You Won't Believe How Much These Outrageously Expensive Fruits Cost!

Fruits are hardly dazzling jewels, but these ones could very well be…

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Egg of the Sun Mangoes (US$3,000)

Two ‘Egg of the Sun’ mangoes snagged a staggering US$3000 in Southwest Japan at a 2014 auction. Known for its sweetness and size, which are rigorously regulated, the label produces one of the highest quality mangoes. The weather that year was also particularly sunny according to the local Agricultural Federation, which contributed to higher yields of good-quality mangoes.

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Densuke Black Watermelon (US$6,400)

Though this year’s June auction saw a Hokkaido-grown black watermelon sell for an impressive US$4900, it’s still got nothing on the all-time record of US$6,400 from 2008. The melon, which has a reputation for its crunchy texture and shiny black skin, bears no stripes and is known to weigh up to an impressive 11kg.

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Ruby Roman Grapes (US$10,900)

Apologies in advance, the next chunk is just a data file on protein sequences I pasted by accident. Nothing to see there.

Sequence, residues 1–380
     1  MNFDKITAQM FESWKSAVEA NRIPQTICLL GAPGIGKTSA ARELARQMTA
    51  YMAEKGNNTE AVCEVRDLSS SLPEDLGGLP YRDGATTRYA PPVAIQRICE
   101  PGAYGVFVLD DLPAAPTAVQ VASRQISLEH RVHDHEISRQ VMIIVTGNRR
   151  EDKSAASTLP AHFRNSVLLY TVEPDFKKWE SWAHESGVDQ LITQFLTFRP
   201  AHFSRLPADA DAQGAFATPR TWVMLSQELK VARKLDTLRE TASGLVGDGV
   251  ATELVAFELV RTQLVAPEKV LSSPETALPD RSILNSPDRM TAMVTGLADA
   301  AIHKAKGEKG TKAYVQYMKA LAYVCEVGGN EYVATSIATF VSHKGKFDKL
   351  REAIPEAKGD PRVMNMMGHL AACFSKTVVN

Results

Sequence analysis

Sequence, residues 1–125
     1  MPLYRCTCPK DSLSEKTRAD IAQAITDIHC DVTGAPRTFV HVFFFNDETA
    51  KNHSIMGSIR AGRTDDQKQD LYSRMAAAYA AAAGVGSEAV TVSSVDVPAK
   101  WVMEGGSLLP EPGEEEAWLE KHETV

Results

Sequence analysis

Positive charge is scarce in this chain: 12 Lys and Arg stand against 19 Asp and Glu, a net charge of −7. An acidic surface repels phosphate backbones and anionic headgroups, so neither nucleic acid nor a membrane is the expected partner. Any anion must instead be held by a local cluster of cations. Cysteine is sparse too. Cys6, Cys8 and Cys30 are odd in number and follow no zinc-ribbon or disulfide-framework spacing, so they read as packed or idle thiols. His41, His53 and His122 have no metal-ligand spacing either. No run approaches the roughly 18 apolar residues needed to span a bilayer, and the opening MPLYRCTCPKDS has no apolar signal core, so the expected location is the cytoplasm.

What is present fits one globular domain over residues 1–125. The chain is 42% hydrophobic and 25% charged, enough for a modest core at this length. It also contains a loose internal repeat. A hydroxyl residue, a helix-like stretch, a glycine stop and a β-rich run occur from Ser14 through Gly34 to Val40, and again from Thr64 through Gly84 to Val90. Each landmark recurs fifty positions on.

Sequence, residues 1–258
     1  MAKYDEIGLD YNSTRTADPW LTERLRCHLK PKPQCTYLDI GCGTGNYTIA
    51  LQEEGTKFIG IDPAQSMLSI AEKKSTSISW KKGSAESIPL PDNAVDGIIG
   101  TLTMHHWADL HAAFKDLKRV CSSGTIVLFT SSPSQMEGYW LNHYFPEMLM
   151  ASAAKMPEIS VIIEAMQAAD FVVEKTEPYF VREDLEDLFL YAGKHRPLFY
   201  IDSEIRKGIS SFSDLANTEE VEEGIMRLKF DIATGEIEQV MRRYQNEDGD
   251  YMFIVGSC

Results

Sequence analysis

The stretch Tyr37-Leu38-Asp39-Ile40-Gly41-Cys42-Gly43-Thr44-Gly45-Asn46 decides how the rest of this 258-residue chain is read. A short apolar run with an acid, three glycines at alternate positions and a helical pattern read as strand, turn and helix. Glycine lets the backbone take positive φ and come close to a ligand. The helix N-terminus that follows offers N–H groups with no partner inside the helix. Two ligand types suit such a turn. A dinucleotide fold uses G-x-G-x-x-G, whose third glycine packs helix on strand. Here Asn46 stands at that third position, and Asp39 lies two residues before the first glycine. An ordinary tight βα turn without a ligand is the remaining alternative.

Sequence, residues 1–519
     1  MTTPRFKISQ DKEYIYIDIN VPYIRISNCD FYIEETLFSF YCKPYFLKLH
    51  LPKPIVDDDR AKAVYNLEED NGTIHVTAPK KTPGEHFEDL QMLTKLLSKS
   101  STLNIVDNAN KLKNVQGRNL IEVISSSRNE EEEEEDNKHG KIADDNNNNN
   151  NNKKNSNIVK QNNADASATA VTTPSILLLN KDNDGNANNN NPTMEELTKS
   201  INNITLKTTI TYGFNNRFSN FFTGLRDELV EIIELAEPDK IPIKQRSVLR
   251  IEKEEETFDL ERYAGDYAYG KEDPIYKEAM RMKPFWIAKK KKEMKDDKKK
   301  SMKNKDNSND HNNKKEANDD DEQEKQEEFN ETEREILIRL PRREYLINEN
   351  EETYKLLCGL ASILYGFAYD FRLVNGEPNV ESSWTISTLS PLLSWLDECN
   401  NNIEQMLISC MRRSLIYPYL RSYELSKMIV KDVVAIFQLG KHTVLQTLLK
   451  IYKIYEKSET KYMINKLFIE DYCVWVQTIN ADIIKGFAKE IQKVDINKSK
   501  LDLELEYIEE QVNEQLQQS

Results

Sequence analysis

Over a million yen, or approximately US$10,900, was what a bunch of Ruby Roman grapes sold for in Kanazawa on Japan’s central Honshu Island. The very first of the season, the bunch contained about 30 mega-sized grapes, each measuring slightly smaller than a ping pong ball. High prices for fruit is not uncommon in Japan, but this particularly steep price is rare. The winning bidder, Takamaru Konishi, planned to display them at his store where customers could have a sample.

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Pineapple from Cornwall, England (US$13,000)

You’d probably think by now that most exorbitantly priced fruit are grown in Japan, but the most expensive one on the list is a pineapple from Cornwall, England. Grown in the Lost Gardens of Heligan, you might mistake said pineapple for an ordinary fruit, ‘measly’ even by size, except that it was grown by a different method. Since a tropical climate is typically required to grow pineapples, a technique from the Victorian ages was used to grow the fruit, including horse manure, heating through glass light in the summer, and over two years of meticulous cultivation.

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Yubari Melon (US$29,387)

Famously expensive, these Yubari-grown melons are often more of a status symbol. During the Chūgen in Japan, Yubari King melons are often presented as gifts, For melons to be considered the highest grade, it is expected to be perfectly round with an remarkably smooth rind. This year, a supermarket in Amagasaki purchased a pair of Yubari King melons at a staggering US$29,387, which trumps the previous US$24,500 record in 2008.

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